As readers of last week’s Crawley Observer will know, I recently led a debate in the House of Commons on the continuing underperformance of Southern and Thameslink rail services.
I was keen to raise the importance of accountability, particularly following the Government’s commitment of £20 million to improve the resilience of the network.
The Rail Minister stated that he will shortly be meeting with Govia Thameslink Railway and Network Rail, and I look forward to receiving updates on these works, such as the £1 million being spent on testing platform and dispatch staff infrastructure at Gatwick Airport and East Croydon stations.
A couple of days after the debate, the cross-party Parliamentary Group on Southern Rail met once again with the Rail Minister; one of the many points we put across was the importance of enhanced compensation measures – as some mitigation for customers at least.
While the Government’s cap on fares will save season ticket holders an average of £425 over the next few years, I continue to call for a fare freeze for Southern and Thameslink passengers in light of the ongoing disruption.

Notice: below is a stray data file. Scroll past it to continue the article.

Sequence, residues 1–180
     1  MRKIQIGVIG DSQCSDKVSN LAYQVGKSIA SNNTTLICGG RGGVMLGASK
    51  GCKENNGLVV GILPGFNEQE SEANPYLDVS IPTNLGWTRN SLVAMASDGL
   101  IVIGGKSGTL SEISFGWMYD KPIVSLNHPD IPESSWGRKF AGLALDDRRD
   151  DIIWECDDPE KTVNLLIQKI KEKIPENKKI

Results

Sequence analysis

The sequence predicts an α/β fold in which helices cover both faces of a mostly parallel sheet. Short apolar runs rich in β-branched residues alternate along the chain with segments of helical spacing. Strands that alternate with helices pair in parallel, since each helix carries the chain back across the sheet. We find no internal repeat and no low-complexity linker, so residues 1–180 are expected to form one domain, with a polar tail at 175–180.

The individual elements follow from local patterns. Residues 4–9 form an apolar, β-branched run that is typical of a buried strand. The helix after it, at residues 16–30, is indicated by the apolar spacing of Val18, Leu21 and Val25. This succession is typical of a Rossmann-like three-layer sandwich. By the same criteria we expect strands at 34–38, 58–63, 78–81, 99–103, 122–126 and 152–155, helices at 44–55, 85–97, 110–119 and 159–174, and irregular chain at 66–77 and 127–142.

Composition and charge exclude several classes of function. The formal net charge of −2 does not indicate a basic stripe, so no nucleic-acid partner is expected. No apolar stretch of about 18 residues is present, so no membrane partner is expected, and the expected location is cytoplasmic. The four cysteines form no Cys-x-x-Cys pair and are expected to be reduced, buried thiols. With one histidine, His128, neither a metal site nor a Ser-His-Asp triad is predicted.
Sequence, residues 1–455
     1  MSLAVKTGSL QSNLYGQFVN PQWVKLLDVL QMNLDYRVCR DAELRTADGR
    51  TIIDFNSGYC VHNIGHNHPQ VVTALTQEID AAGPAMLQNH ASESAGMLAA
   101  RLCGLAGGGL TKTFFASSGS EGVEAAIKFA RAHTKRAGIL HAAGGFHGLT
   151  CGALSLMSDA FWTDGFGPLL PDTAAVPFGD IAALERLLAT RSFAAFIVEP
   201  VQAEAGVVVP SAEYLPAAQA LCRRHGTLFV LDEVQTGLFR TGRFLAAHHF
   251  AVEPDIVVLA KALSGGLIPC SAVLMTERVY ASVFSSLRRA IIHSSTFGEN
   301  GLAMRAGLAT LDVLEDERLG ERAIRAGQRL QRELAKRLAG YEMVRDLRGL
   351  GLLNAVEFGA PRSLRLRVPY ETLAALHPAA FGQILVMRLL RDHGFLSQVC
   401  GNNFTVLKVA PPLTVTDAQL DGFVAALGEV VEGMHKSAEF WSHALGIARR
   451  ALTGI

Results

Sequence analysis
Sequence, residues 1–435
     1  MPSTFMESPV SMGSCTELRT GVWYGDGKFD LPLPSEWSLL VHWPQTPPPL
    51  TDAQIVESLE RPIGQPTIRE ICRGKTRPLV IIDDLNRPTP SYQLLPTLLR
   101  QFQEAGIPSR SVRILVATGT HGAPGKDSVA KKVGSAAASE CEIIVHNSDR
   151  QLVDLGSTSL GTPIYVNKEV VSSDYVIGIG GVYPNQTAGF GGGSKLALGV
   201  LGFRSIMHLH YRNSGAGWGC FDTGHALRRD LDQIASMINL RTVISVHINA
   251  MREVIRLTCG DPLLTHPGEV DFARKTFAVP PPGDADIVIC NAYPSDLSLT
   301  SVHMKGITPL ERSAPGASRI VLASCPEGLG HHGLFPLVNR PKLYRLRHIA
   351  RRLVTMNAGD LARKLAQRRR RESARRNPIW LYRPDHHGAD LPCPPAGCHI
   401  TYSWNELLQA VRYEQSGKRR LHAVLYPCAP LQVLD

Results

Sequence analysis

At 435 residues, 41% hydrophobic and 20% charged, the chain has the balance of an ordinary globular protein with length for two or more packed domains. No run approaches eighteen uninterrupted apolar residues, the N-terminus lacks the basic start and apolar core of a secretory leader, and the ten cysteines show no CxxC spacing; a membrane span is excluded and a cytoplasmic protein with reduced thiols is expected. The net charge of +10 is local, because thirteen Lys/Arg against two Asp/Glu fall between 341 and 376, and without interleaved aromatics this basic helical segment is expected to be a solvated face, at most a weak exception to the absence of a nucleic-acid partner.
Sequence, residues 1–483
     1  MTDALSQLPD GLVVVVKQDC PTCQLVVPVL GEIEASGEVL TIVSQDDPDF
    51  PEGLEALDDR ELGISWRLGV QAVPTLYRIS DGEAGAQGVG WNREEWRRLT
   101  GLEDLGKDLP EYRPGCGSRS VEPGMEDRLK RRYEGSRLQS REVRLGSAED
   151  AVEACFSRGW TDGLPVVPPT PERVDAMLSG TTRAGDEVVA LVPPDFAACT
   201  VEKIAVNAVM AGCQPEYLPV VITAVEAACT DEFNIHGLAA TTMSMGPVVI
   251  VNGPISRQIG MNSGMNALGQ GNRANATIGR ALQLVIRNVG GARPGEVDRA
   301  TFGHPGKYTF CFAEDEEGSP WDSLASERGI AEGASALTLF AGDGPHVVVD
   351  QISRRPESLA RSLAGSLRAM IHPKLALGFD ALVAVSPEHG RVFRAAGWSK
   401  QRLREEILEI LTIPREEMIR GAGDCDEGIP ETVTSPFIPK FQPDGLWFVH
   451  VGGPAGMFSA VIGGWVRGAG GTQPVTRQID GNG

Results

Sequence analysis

The Prime Minister, Theresa May, appointed a new Transport Secretary and Rail Minister upon taking office. Unsurprisingly, when the new Rail Minister came to Three Bridges Station – the first tour he undertook in his new role – his train was delayed by a quarter of an hour!
I am grateful to MPs who took the time to attend my debate last week. Conservative colleagues from Sussex, Surrey and south London as well as Green MP from Brighton, Caroline Lucas, were in the House of Commons. (No other parties were present.)
While it is welcome that around a third of GTR services removed in July as part of their reduced timetable have now returned, the reality is that passengers from Sussex are not seeing the benefits. I will be following up on this matter with the Rail Minister following his meetings with Network Rail and GTR.